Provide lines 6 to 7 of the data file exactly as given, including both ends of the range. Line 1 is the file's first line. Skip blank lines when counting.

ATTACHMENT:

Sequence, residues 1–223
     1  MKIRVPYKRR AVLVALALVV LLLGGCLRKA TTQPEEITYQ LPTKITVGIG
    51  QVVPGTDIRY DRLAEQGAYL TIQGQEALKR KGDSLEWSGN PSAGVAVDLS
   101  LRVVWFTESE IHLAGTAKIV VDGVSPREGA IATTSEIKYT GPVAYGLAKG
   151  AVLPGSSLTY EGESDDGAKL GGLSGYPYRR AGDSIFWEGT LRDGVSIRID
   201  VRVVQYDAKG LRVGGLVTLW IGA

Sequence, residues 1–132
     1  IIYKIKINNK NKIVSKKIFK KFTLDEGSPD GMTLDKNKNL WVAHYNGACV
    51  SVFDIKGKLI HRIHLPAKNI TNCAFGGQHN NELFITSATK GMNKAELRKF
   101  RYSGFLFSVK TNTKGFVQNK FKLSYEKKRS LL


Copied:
   201  VRVVQYDAKG LRVGGLVTLW IGA

Sequence, residues 1–132